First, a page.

Does this Indian society even allow us to say what we feel like? Is there anything that can still be called ‘freedom of speech’? A personal opinion of a female becomes such an issue. Such an attitude sucks!


The Big Fight

Lets Discuss


God Bless Atheism!

Atheism! Hold your breath all you religious souls. I am not here to laugh at you. And I am not roaring to support all the hard core atheists either. What am I up to? Let’s discover.

God bless atheism! I read this statement somewhere (on net). And it caught my attention like anything. Does it catch yours? I do not know how those who have been taught atheism, right from their birth (are there any?) perceive things, but I definitely have some idea of those who come from religious backgrounds and later start believing in atheism. Let’s talk about a character called Anuj. In case you know someone by that name, no, it’s not him. The name is fictional. But the story might not be.

Anuj believed in God. It was not just him but so many of them around him did the same; they believed in God. They had been told so many stories. The one that Anuj liked most goes like this.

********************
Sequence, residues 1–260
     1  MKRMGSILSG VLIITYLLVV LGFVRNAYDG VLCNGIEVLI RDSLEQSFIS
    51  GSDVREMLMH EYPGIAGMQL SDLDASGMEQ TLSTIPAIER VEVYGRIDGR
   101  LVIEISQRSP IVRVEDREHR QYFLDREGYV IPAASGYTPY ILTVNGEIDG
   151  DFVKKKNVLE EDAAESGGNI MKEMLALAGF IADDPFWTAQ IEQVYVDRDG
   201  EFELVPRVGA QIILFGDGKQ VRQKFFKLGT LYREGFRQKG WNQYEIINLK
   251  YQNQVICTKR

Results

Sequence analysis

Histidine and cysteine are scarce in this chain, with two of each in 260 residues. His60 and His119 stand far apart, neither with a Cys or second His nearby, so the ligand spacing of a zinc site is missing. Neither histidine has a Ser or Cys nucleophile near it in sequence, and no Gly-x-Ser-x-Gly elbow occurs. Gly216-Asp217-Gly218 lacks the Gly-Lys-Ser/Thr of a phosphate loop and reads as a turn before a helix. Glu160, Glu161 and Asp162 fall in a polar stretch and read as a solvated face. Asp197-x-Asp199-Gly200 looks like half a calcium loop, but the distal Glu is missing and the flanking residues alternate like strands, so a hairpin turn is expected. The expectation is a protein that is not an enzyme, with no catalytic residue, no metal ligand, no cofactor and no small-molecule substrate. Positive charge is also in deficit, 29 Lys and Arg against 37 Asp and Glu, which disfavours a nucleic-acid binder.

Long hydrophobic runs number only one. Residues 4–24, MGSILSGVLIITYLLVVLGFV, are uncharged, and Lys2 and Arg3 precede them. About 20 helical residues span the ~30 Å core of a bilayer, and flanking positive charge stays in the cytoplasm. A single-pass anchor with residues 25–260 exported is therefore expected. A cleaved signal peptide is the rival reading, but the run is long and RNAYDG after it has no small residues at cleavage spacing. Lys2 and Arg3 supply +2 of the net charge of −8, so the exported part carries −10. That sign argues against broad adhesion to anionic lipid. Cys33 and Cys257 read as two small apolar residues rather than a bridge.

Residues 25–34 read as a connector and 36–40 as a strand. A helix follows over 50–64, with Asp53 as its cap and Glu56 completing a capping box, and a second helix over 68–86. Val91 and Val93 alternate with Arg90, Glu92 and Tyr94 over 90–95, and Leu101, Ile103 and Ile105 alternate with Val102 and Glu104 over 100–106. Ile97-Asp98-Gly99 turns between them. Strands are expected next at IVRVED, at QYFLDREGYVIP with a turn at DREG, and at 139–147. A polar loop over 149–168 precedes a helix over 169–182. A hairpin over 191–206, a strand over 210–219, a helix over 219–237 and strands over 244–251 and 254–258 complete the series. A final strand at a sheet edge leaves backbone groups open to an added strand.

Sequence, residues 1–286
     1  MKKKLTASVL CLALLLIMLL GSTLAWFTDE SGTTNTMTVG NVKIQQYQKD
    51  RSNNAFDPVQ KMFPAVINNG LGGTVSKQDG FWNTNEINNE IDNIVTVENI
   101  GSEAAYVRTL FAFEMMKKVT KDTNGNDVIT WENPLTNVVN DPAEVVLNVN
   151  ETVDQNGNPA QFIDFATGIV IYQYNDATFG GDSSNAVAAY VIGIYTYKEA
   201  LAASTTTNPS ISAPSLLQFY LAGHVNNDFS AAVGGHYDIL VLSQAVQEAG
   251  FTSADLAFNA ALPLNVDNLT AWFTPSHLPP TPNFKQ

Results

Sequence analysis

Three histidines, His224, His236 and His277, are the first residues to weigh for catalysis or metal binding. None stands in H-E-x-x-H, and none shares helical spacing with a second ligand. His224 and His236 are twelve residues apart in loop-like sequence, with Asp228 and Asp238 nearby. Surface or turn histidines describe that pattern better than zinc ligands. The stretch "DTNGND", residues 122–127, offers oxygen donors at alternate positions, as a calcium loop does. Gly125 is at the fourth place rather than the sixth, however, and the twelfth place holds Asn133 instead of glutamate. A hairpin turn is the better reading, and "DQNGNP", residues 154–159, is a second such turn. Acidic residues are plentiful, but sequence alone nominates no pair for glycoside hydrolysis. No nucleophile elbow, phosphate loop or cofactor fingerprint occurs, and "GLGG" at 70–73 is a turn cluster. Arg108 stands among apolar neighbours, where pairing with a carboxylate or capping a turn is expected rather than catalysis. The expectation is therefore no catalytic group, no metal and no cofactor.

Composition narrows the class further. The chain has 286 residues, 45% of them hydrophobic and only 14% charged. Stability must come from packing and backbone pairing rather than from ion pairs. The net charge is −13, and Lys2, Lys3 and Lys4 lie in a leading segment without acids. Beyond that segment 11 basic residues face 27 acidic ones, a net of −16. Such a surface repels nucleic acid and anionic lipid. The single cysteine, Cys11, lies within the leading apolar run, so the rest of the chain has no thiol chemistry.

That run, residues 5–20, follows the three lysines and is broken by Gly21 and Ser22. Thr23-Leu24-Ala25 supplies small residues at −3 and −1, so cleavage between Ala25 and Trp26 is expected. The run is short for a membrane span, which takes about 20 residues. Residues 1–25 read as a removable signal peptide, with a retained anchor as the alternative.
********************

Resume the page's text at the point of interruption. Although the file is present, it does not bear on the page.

There was a guru who had four disciples at one point of time. When their learning tenure at the gurukula was over, they had to give one final test. The guru asked each one of them to bring something precious for him from their respective homes, without letting anyone know. Now that’s an easy task, thought the disciples. They had a time of one month to do so. All of them left for their homes.

A month was over. The disciples were back. The first one showed his guru a gold chain that he had managed to get hold of during a night, from his father’s (who happened to be a King) drawer. Similarly two more of his disciples presented him precious gifts swearing that no one had seen them picking the gifts. The guru turned towards the last disciple who appeared to be empty handed. He was empty handed.